a maximum thickness of 0.8 m) of peaty origin (Jiang and Mehta, 1992). Wave damping is often
significant; during a field deployment it was estimated that the wave heights were about one
quarter the value that would have occurred if the bottom had been rigid. Data at the nearshallow
water site consisted of surface wave, water velocity and mud acceleration spectra. The water
depth was 1.43 m and mud thickness 0.55 m. Using the wave spectrum as input, the velocity
and acceleration spectra were predicted and compared with data. The highly organic (40% by
weight) mud was fluidlike, with a comparatively low viscosity of 5 Pa* s.
In Figs. 1.9a,b,c an example of model application is shown (Jiang, 1993). The input
wave spectrum of Fig. 1.9a has been used to predict: 1) the horizontal water velocity spectrum
(0.87 m below the water surface) in Fig. 1.9b, and 2) the horizontal mud acceleration spectrum
(0.20 m below the mud surface) in Fig. 1.9c. Observe that while the modal forcing frequency
was 0.42 Hz, a forced long wave occurred at 0.03 Hz. The significance of this wavewave
interaction has been discussed by Jiang and Mehta (1992). The model is able to reproduce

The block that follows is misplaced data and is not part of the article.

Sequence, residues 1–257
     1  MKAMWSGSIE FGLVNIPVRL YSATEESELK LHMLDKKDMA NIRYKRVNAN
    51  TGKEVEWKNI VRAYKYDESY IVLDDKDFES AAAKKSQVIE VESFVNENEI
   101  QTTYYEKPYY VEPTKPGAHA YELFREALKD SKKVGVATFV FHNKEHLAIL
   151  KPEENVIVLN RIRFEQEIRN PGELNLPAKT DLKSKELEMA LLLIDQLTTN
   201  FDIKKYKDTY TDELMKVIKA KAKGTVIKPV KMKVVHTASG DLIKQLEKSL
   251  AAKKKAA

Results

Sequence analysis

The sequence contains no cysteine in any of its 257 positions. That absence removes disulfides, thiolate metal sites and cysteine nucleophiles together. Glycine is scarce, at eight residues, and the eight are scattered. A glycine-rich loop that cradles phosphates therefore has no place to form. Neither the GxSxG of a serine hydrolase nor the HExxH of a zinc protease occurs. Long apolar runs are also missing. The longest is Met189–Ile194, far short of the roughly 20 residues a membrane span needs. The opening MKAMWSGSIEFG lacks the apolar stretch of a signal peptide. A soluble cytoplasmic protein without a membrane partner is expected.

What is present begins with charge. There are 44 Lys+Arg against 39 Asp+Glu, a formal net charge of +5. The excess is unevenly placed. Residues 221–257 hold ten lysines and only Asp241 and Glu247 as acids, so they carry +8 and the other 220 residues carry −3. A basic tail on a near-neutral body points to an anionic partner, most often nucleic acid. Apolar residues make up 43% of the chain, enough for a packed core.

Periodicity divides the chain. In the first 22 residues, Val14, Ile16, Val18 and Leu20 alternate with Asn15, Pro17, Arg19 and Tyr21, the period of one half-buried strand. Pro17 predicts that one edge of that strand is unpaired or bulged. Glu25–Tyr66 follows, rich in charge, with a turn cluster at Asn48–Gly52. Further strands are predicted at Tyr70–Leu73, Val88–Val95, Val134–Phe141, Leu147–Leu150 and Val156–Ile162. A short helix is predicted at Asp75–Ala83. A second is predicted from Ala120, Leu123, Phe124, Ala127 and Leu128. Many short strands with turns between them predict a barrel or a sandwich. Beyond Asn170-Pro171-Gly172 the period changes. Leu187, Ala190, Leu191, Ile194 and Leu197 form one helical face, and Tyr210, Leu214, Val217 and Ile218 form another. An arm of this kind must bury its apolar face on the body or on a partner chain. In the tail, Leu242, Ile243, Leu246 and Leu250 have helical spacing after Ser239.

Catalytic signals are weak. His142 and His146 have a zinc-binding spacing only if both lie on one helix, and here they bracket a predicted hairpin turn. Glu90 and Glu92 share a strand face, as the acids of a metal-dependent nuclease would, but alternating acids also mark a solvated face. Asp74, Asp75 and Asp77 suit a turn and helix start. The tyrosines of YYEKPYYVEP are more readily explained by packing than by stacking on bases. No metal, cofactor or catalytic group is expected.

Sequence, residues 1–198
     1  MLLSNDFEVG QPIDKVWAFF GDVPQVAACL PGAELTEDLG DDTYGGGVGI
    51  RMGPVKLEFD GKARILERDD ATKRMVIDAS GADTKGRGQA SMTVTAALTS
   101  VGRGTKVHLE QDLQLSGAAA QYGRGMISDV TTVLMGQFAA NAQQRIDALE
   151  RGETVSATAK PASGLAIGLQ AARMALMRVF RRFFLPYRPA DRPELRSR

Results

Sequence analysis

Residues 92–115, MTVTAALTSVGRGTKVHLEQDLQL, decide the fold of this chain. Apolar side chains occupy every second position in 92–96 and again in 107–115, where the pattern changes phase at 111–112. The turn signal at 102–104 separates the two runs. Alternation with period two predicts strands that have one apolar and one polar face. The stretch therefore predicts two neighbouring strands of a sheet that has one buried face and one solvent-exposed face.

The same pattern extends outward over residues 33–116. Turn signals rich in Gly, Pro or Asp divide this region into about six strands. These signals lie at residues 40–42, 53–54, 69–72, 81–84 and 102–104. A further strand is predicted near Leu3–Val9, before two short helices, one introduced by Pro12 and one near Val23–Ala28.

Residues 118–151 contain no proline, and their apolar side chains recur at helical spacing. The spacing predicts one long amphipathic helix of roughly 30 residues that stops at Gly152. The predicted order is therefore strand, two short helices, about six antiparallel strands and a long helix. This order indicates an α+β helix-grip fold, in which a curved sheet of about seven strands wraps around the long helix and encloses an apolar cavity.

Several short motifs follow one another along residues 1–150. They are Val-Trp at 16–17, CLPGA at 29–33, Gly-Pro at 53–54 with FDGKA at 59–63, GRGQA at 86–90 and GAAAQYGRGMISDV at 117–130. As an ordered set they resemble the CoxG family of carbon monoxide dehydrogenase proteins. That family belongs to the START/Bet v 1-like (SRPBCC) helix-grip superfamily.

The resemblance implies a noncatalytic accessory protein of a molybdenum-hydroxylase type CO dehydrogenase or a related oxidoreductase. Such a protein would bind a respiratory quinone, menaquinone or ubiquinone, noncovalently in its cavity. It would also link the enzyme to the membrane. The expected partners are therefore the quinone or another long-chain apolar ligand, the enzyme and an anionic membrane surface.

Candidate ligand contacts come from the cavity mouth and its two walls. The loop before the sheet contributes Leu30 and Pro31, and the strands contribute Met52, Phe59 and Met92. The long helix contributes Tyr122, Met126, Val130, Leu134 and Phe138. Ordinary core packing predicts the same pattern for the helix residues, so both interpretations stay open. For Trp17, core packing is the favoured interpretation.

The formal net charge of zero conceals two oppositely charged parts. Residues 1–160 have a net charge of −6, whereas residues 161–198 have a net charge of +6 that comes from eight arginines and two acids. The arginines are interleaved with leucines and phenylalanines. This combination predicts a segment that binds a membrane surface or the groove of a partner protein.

important features of the velocity and acceleration spectra. On the other hand, the observed
discrepancies between the measurements and the simulations is believed to be mainly due to
limitations in the model, especially as a result of the assumption of a viscid (nonelastic) mud
(Jiang, 1993). Some difficulty in collecting the data may have been a contributing factor as well
(Jiang and Mehta, 1992).
Recognizing the model assumptions, we will proceed with graphically presenting the
analytic solutions for the wave attenuation coefficient and the wave number. In Fig. 1.10, the
dimensionless wave attenuation coefficient, E = kl/[a/(gh)1/2], is plotted as a function of the
dimensionless mud depth, x = hM/(2MpM/pMa)1/2, for hM/h ranging from 0.1 to 1. This solution
is valid only for y = (pmp)IM p = 0.15, which is however a typical value. Note that in this
representation, subscript 1 for water has been removed for convenience, and subscript 2 for mud
has been replaced by M, in conformity with Fig. 1.2. It can be shown that (2/MIpMa)112 is
representative of the thickness of the wave boundary layer in mud. For a given water depth and
angular wave frequency a, attenuation is observed to be maximum for all hM/h when X is equal,
or close, to unity. Therefore, this condition of maximum ki means that the rate of wave energy
dissipation in the mud is maximum when the wave boundary layer attains about the same
thickness as mud. Two noteworthy limits must be mentioned. One is X = 0, which corresponds
to a mud of infinitely high viscosity, i.e. a rigid bottom. In this case there is no participation by